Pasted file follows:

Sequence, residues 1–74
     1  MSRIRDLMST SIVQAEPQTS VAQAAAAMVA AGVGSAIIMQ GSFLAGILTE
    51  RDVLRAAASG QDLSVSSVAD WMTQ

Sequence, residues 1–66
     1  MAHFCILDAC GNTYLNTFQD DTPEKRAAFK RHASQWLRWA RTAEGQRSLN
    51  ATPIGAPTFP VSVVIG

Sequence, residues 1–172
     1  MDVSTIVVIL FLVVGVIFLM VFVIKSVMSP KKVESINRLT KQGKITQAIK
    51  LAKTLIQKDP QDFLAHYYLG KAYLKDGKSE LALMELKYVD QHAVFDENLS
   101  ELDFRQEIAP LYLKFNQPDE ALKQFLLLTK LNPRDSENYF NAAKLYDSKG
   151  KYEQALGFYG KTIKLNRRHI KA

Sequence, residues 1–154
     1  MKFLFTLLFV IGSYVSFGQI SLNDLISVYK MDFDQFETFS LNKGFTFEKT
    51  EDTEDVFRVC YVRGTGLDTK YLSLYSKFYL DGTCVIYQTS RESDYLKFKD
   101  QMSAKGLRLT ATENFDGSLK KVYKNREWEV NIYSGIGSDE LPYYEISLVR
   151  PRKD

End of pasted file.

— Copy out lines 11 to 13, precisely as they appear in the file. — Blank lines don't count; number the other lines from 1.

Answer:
   151  KYEQALGFYG KTIKLNRRHI KA

Sequence, residues 1–154
     1  MKFLFTLLFV IGSYVSFGQI SLNDLISVYK MDFDQFETFS LNKGFTFEKT